Editor’s note: Casinos that Chinese travelers could visit without a travel permit (still required in Macau) would be huge, not just for hotels and casinos, but for all manner of luxury brands that cater to wealthy Chinese. This story was originally published on Jing Travel.
For Chinese consumers looking for the thrill of gambling and sports betting, there are two options: go to an overseas destination where gambling is legal or rely on underground gaming parlors—whether physical or online. The legal status of gambling in mainland China is the main reason behind Macau’s rise to become the world’s gambling powerhouse, with gross gaming revenue more than five times that of Las Vegas. However, recent reports indicate that the Chinese government is considering a substantial shift in gambling legislation in a move that could effectively allow Hainan Province to become mainland China’s Macau—a gambling and tourism giant fully ruled by the CCP.
To say that the implications of such a move would be enormous would be an understatement. Not least for Macau, but also for other destinations vying to increase Chinese tourist revenue with the help of casinos.
According to a Bloomberg report, China is drafting a proposal that could lead to the legalization of online gaming on Hainan, a move that could open the door to physical casinos “over the long-term,” according to anonymous sources quoted by Bloomberg.
The potential move toward legalization of gambling on Hainan Island comes as the southern Chinese island is struggling with a fiscal deficit, and one of its largest conglomerates, HNA Group, is looking increasingly likely to crumble under its spiraling debt.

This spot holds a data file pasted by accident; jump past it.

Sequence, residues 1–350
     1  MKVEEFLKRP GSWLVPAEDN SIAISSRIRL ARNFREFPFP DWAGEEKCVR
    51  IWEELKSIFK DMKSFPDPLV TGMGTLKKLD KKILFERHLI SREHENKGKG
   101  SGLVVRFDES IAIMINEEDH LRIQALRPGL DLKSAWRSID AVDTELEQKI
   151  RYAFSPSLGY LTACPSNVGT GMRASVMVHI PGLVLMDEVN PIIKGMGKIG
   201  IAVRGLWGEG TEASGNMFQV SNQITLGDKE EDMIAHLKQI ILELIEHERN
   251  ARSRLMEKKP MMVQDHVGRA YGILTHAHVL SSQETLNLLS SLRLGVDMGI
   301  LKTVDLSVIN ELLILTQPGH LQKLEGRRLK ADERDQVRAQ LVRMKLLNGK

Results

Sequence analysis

The Chinese government is intent on reorienting Hainan’s economy toward tourism, with the potential legalization of gambling falling into the greater strategy of making Hainan an attractive destination for Chinese and international travelers alike. Other plans to bolster Hainan as a tourist destination includes potential visa liberalization for foreign visitors, as well as a brand new airport set to open in 2020.
Back in 2014, the world’s largest duty-free mall, China Duty Free, opened for business on the island in a move that sought to keep more Chinese luxury consumption within China’s borders. While it’s difficult to assess just how successful the mall has been in reining in Chinese consumers’ overseas luxury consumption, the mall was clearly designed as a response to booming Chinese luxury consumption in Chinese travelers’ favorite destination, Hong Kong.
Much like China Duty Free, the prospect of legal gambling on Hainan Island very much falls in line with Xi Jinping’s anti-corruption policies and ambitions to limit capital outflows. Putting a dent in Macau’s $28 billion gaming revenue, a substantial part of which was sourced from the 22.2 million Chinese visitors it received last year, would undoubtedly make a difference in reigning in capital outflows.
While it’s easy to dismiss these recent reports as mere rumors, investors seem to be taking them seriously. Macau casino stocks took a beating on Friday afternoon after the report was published—this despite news that Macau gaming revenues soared the most since 2014in January this year.
And just like Hainan’s China Duty Free can be viewed as a threat to Hong Kong’s economy, legal gambling in Hainan Province is a direct threat to the Macanese economy. Why bother with travel permits for Hong Kong and Macau when similar duty-free shopping and gaming experiences can be found within mainland China’s borders?